• Fanservice:
    • Kicking a biker through a wall, Kee Nang breaks some water pipes. How unfortunate for the audience that her already-sheer white attire gets soaked, especially since she forgot her bra.
    • Kee Nang is seductively clothed in the dream sequence as she comes on to Jarrell.
    • Doing somersaults in a skirt? Hot. Being shot with a crossbow? Not so much.
  • Friend to All Living Things: The Golden Child is seen befriending birds and refuses to eat meat. Or blood.
  • Giving Them the Strip: A beggar takes a $100 bill from Jarrell instead of a $1 bill. Jarrell grabs him and tries to make him give the $100 bill back, but the old man disappears, leaving Chandler holding his clothes.
    Jarrell: Has anybody seen a little naked old man running around with a hundred dollars?
  • Goo Goo Godlike: The Golden Child can restore life with his touch, make inanimate objects move, and remove evil thoughts from people. He likely could have freed himself, but he wasn't the violent type.
  • Mook-Face Turn: The Golden Child does this to two of Numspa's minions: once when they try to kidnap him, and again to one of his guards. His simple physical touch is enough to convert them from evil. Which is why Numspa tells them not to let him touch them.
  • Mysterious Informant: Someone calls Jarrell of the missing girl's whereabouts, and didn't give his name.
  • My Greatest Failure: There was an ongoing subplot where Jarrell was searching for a missing child named Cheryll Mosely. He went as far as to hassle other people on the TV show to get them to shut up in order to announce the missing poster and the number for information regarding her whereabouts. He finds her in an abandoned house sprayed with Tibetian graffiti. However she was found dead of blood loss. Her blood was later used in an attempt to impurifiy the Golden Child, by putting it in his Oatmeal. But the child himself is too wise to fall for it.
  • The Silent Bob: The Golden Child doesn't talk until Jarrell finds him (and then only briefly). Still, he's able to express his intentions rather well without doing so.
  • Snake People: The lady librarian behind the screen. One of her ancestors was raped by a dragon.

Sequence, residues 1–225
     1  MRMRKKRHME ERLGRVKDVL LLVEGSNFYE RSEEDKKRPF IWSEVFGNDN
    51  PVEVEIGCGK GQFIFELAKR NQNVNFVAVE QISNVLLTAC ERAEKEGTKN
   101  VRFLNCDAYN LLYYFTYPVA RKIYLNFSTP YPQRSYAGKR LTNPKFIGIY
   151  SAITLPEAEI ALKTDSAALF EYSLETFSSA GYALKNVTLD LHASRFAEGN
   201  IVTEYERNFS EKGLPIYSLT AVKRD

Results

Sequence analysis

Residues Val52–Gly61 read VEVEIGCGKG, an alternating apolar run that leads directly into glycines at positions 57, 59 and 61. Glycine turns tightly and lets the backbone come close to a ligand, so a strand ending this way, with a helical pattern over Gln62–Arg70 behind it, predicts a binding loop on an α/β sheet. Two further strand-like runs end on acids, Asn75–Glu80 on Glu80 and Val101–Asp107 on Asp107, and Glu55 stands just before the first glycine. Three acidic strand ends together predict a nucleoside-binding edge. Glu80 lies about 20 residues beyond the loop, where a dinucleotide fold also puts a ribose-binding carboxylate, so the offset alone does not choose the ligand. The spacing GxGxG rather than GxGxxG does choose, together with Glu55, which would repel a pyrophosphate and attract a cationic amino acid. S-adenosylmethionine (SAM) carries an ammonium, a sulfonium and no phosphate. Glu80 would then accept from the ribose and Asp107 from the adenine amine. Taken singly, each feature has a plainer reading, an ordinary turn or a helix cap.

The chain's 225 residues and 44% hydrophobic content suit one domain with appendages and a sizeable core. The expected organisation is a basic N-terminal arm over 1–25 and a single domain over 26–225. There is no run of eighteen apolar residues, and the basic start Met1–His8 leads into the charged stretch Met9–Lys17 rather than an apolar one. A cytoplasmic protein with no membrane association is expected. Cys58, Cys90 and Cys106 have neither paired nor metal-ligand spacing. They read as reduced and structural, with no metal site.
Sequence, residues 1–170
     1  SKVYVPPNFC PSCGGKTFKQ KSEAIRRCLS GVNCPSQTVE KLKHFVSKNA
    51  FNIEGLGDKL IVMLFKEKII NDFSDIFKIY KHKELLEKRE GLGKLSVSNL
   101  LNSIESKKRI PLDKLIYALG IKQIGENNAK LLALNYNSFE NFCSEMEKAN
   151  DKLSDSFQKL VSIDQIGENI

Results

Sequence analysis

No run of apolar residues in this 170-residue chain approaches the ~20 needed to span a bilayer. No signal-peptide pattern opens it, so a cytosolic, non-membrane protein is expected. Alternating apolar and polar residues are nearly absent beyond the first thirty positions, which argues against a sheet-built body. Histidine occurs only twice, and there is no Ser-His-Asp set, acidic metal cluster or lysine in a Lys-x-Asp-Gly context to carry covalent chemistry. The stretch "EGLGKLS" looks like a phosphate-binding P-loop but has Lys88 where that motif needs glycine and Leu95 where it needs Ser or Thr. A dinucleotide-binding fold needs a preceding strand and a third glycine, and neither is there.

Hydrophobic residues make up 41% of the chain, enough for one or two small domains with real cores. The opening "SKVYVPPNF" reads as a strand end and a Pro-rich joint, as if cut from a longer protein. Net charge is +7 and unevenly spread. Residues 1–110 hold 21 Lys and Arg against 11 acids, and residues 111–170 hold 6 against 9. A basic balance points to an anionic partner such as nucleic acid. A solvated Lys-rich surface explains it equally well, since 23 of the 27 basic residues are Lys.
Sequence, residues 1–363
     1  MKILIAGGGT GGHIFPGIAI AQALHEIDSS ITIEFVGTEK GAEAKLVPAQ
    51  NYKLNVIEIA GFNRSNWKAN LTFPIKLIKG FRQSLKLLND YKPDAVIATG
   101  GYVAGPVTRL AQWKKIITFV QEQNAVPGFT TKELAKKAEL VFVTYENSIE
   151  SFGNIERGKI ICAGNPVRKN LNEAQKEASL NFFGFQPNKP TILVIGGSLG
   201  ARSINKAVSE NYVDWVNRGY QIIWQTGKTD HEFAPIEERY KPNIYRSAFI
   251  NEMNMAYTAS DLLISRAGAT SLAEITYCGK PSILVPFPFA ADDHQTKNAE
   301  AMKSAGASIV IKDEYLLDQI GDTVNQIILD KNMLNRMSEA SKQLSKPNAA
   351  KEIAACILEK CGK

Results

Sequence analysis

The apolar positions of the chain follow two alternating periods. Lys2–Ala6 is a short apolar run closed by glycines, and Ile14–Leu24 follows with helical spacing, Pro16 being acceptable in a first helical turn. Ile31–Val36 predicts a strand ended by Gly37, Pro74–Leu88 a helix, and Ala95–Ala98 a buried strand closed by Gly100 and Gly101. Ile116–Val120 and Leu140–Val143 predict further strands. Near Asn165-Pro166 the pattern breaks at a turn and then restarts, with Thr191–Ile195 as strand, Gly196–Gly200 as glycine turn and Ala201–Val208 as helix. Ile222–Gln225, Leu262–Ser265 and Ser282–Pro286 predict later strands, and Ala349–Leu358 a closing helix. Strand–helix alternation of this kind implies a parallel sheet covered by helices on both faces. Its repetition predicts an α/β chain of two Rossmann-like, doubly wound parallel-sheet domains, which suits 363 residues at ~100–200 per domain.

Jarrell: Does that happen a lot where you're from?
  • Stay on the Path: Subverted and lampshaded.
    Old Man: Remember to stay on the path!
    Jarrell: I heard you the first time! Let's just hope the path stays under me!
    Jarrell: I thought you said to stay on the path!
    Old Man: Yes, but you must know when to break the rules!
  • Taking the Bullet: Kee Nang, as Jarrell is about to be shot by Numspa. With a crossbow... ouch.
  • Talking in Your Dreams
  • Tempting Fate: When Jarrell is taking the test to obtain the Dagger he says "This is a piece of cake!" Then it got worse.
  • That Was Not A Dream: Chandler has a dream of taunting the Big Bad exactly like you'd expect Eddie Murphy to do, who burns a three-inch scar into the inside of his arm for his chutzpah. When he wakes up, the scar's still there. But the part where Kee Nang flirted with him, "That part was dream!"
  • Trickster Mentor: The Old Man. His first appearance is as a street vendor who tricks Jarrell out of his money as a Secret Test of Character.
  • Verbal Tic: Sardo Numspa has trouble pronouncing the letter "J"; he always pronounces it more like a "Y". Lampshaded by Jarrell during the dream sequence.
    Numspa: I can see it is pointless talking to you, Mr. Jarrell.
    Jarrell: Why do you insist on mispronouncing my name, leaving the "J" silent? It's "Jarrell", with a "J".
  • The Voiceless: The Golden Child. Lampshaded by Jarrell near the end, after he finally says something.
    • Also Til, Numspa's henchman.
  • Wait Here: A Running Gag.
  • When You Snatch the Pebble: Jarrell lampshades this.
    Jarrell: "Only a man whose heart is pure can wield the knife, and only a man whose ass is narrow can get down these steps. And if mine is such an ass, then I shall have it."
  • Wicked Cultured: Numspa.
  • Wise Beyond Their Years: The Golden Child, of course — as a Buddha figure he's pretty much got a lock on this trope. For example, he doesn't eat the oatmeal since he knows they're trying to impurify him.
  • Wrong Genre Savvy: Jarrell is prepared for the whole "magical child fighting demons" thing to be a setup for a scam of some kind, and is not about to be fooled by all the trickery and mumbo jumbo. Turns out he's a wee bit wrong.
  • Yellowface: Charlotte Lewis as Kee Nang.
  • You Have Failed Me: Numspa kills a minion after he runs away from Jarrell and Kee Nang for his cowardice and possible betrayal.